Sunday’s Best Pt. XXXI

Truants Sundays Best

Hotline Recordings, a label set on maintaining the mystique of tracking down music by making a mobile number its source of contact, accommodates Hodge warmly. He presents the label’s fifth release, following Kahn and Neek, Lurka, Rachael and DJ Sotofett, and Commodo. When we contacted the label at the start of the year, anonymous fingertips text us back coolly, days later, boasting a no-nonsense approach to releasing music. “If the trax sound hard on a system and get waists moving, we sign it. If it don’t, we send it back,” they said. In light of this, Hodge’s A-side, “Mind Games”, progresses, barefaced, from the pleasing foundation of UK funky’s tribal swagger. Layering up, we’re treated with a low, suction-type snarl that snaps you back to the first bar throughout. Hodge then chucks a grimy steel drum melody on top – urgent, wants to run away fast – and it is this play, between holding back and pouncing forward, that keeps the track centralised, firmly rooted and powerful. Turn it, however, and the approach is different. “Flashback” is introverted and even deeper underground. While the beat is a painful propulsion, the track is more spacious, synths all longing, slipping into the past and, in this way, it is in keeping with Hotline’s ethos: to challenge the dancefloor. Integrity, diversity and quality, tied together with a clear aesthetic and goal, underlines Hotline’s output. And it’s clear they’ve found the right guy in Hodge.

Beneath has been a firm Truants favourite for a while now. His unnerving blend of dubstep, funky and grime has taken him to labels as varied as Keysound and PAN while his skills as a selector are perfectly distilled in his contribution to our own Truancy Volume series. Having used his No Symbols label to house his own productions, Beneath has recently started the Mistry label as an outlet for other producers tracks. Webstarr – a young producer from Hull – contributes the label’s second release, his style certainly sharing some similarities with Beneath. “Aegrus” boasts a ragged, deconstructed rhythmic structure and is a brooding affair dominated by ominously swirling drones and a weighty low end.  Chevel’s remix of the title track feels sparser; with the Italian producer opting to strip away much of the percussion which characterised the original mix. Webstarr returns to production duties on the final track. Keeping things dark on “Clocked”, he references the tribal rhythms of UK funky but reconstitutes them in a techno sonic palette. It rounds up a very strong debut release and one which suggests that Mistry and Webstarr both share a bright future.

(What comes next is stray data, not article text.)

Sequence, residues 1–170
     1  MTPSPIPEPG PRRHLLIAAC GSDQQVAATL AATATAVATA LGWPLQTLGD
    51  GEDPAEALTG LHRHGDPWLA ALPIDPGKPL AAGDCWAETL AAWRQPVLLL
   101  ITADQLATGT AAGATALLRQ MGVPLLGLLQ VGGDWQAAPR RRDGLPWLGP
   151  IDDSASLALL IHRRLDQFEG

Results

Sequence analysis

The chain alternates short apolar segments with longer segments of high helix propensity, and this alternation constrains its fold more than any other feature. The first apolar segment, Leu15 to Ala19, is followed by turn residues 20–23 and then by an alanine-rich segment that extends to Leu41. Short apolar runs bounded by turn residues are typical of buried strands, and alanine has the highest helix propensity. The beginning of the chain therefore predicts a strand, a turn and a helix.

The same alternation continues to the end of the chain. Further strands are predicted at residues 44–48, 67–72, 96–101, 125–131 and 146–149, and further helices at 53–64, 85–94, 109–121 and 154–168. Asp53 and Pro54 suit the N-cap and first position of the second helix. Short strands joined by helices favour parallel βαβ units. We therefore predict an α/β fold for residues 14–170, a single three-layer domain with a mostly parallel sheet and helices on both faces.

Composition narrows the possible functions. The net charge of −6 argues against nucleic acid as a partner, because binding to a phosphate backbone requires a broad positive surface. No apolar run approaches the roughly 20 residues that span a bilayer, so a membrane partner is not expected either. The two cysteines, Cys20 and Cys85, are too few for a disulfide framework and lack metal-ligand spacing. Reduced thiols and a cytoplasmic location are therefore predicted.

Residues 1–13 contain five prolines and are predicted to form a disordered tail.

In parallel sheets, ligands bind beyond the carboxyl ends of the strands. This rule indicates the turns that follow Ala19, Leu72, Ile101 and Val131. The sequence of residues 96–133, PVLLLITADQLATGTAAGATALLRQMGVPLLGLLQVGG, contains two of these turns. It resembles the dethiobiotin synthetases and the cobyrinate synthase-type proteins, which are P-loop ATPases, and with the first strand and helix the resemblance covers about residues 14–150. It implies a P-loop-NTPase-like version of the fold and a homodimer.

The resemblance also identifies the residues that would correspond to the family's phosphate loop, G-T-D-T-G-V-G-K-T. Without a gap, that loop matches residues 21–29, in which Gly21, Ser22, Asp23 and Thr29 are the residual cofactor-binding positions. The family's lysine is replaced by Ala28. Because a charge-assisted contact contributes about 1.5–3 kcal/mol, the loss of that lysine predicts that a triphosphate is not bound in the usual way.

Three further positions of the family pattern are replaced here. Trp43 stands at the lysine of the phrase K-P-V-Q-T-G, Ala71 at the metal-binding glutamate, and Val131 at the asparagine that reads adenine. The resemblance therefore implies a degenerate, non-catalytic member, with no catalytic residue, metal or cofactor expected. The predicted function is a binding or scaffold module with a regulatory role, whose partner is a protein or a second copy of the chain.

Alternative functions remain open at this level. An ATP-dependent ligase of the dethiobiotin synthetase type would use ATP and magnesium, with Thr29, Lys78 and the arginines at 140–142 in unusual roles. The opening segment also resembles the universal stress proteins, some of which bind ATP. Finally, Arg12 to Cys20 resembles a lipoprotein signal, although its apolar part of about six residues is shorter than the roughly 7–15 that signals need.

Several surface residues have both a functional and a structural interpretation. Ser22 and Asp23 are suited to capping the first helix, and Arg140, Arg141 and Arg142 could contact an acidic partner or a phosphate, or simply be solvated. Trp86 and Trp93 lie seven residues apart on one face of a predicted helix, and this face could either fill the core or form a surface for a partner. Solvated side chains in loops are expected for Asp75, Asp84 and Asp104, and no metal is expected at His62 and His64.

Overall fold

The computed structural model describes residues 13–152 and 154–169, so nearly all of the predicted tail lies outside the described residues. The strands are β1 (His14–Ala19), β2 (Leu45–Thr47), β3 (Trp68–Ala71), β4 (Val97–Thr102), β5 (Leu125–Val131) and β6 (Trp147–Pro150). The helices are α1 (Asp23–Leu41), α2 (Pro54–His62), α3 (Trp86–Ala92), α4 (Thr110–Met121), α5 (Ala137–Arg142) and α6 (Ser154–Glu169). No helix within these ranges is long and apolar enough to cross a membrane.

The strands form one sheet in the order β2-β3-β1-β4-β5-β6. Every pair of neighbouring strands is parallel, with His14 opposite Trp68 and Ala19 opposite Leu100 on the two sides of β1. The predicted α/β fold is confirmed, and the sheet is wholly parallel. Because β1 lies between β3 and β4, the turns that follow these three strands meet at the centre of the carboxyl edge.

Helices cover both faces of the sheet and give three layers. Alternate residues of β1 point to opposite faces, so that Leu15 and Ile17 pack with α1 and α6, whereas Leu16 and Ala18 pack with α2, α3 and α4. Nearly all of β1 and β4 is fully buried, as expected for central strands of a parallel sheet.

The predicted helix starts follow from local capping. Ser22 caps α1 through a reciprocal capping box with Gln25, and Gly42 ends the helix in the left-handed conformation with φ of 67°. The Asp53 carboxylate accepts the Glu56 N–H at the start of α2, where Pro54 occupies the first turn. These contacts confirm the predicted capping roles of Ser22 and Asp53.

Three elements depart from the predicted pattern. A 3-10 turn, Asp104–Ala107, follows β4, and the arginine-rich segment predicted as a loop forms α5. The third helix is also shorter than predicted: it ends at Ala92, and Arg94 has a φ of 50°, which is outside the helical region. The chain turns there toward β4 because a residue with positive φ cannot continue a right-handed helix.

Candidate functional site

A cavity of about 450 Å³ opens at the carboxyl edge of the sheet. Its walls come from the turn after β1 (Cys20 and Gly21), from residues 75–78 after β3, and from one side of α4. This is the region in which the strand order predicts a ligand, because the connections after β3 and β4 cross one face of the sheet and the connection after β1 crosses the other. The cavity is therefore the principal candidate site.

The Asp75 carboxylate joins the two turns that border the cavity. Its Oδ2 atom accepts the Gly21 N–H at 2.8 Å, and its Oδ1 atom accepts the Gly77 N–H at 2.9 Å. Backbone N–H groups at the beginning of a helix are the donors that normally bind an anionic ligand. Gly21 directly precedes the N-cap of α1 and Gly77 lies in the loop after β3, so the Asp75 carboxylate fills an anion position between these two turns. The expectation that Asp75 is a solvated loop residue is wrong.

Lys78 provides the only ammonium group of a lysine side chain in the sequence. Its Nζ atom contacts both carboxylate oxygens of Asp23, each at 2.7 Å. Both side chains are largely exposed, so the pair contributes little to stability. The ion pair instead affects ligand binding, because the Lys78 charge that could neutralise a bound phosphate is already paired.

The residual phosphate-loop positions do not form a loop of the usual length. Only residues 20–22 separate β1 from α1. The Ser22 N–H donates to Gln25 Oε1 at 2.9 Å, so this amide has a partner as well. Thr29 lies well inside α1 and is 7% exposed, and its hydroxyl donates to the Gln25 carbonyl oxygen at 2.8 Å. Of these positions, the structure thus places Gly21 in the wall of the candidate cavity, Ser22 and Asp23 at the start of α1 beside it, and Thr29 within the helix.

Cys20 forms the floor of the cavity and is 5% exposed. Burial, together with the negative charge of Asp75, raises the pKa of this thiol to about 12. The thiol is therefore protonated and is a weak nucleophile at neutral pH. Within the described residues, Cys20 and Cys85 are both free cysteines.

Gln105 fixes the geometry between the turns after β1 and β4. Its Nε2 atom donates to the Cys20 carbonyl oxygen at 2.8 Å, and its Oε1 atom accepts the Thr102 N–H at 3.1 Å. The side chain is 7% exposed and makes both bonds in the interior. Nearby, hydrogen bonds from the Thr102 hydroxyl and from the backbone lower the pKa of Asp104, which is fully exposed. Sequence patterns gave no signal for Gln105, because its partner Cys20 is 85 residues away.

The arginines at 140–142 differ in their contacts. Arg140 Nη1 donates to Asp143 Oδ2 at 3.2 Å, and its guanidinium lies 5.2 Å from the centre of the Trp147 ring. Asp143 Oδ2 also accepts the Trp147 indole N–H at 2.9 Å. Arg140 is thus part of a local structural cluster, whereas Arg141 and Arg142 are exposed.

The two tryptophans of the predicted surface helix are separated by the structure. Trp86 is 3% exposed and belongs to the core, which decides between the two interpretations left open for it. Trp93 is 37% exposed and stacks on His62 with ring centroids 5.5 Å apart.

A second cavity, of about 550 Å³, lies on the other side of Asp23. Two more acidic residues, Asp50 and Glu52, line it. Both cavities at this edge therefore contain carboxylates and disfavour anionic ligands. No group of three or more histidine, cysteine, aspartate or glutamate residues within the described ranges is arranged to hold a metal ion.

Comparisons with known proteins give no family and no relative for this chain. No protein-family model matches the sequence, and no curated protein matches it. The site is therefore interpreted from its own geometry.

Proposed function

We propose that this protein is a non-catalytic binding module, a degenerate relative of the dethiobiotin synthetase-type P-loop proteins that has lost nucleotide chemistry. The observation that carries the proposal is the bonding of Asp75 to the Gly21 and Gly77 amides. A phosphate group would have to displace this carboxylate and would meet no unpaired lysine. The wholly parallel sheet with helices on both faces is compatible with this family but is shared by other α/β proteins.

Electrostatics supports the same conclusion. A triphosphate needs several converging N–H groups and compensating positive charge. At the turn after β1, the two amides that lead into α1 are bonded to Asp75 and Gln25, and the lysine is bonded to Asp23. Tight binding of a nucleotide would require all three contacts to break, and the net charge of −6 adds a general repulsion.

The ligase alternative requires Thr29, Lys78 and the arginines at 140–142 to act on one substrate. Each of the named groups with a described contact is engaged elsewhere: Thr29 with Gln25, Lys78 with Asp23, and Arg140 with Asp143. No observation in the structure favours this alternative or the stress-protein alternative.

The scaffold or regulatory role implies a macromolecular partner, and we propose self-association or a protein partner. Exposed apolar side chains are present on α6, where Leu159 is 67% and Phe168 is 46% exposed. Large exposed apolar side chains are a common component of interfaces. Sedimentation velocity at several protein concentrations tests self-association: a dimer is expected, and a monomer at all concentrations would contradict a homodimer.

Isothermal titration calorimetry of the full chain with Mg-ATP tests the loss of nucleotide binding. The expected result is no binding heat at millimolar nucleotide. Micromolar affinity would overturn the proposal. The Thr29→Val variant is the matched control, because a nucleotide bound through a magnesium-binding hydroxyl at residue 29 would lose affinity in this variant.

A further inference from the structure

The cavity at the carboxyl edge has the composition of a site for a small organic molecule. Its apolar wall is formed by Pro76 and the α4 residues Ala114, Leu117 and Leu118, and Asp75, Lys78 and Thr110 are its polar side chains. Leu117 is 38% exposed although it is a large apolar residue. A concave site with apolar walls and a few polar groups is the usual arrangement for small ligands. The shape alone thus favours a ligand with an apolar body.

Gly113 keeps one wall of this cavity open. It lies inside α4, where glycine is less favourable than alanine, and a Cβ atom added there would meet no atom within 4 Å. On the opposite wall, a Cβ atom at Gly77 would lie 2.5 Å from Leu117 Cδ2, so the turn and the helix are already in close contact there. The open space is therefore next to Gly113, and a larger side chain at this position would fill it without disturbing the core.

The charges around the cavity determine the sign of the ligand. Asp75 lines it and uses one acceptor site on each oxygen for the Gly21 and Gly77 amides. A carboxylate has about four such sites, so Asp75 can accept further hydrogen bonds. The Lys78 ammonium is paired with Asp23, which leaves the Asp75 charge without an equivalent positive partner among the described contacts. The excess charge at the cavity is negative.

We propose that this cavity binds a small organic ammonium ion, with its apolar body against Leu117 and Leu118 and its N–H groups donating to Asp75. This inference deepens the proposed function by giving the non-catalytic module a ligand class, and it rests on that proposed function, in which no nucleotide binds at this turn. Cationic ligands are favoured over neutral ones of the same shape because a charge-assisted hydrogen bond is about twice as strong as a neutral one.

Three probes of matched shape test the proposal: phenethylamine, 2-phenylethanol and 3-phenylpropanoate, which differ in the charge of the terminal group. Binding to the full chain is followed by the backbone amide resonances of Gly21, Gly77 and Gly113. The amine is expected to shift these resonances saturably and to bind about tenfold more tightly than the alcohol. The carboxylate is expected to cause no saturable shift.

DJ Sotofett’s WANIA label is pretty special. Their weird and at times beautiful takes on techno and house have been consistently impressive over the last few years and this split release between SVN and AU, both featuring spoken word from Paleo, keeps up the tradition. The A-Side, SVN’s On Tempo, is a twisted peak time club jam which showcases WANIA’s more rugged techno face. However, AU’s track on the flip, It Takes Time, is what really stands out. It’s delightfully chilled out, the chord stabs are relaxed and subtle, creating a mildly uplifting and laidback atmosphere. Paleo’s unassuming voice suits the nature of the track perfectly, bearing similarities to Madteo on previous WANIA release There’s Gotta Be A Way. It’s the first thing either AU or Paleo have released since 2012 but it has been well worth the wait. The release is a testament to WANIA’s versatility and we’re certainly eagerly awaiting their next release, whenever that may be.

At this point, no one needs to be told to listen to Tinashe’s first full-length album Aquarius anymore. It’s rightfully been on everyone’s radar and appreciated as one of the most wholesome and fulfilling records that’s hit shelves this year, which is a hard expectation to meet when the hype surrounding a debut has been as gradual and diverse as Tinashe’s. Aquarius has been a solid year-and-a-half in the making with over 150 tracks recorded, and while it’s doubtful we’ll even hear a quarter of those, one bonus track that’s surfaced is “Little Things”. It’s a fun and dancefloor friendly track that might not have sat right amidst the cohesion of the album, but it most definitely warrants some plays nevertheless.

Words by: Erin Mathias, Matt Gibney, Antoin Lindsay & Sindhuja Shyam.
Previous editions of Sunday’s Best here

Words by Truants, 12 October 2014. Tags: | Leave a comment

Functions Of The Now IX: Sharp Veins

FOTN Sharp Veins

After a long hiatus Functions Of The Now returns with someone who has been bubbling up with some of the most idiosyncratic soundcloud transmissions to come from the nebulous grime-ish scene we’ve been covering. Described by Mixmag’s Seb Wheeler as “Hieroglyphic Being mak[ing] grime”, Sharp Veins (formerly known as William Skeng) has hit a purple patch since his name change, augmenting asymmetric grime beats with fragmented sampling trickery that utilises sound sources as diverse as Grouper and JRPG soundtracks to raw material. Choosing to forego the tropes that have come to dominate modern grime, Sharp Veins instead taps into the sonic novelty of the ’02-’05 era to draw surprising connections between Bow E3 and purely textural noise & drone excursions. Similar territory has been traversed by the likes of Logos and most recently Moleskin on his Satis House EP but in this case the direction of travel is reversed: where those producers stretched out the sound palette of grime into Oneohtrix-esque ambience, Sharp Veins instead carves strangely organic grime instrumentals out of variety of unusual sources.

Suitably, Sharp Veins’ addition to the mix series is utterly unlike any other we’ve had to date, eschewing the dance floor entirely for a 45 minute introspective journey down the rabbit hole of his non-grime influences. Taking in classic ambient in the form of Gas, key influence William Basinski and some of his own noisier productions, Sharp Veins gives a hint at the building blocks involved in the construction of his unique instrumentals.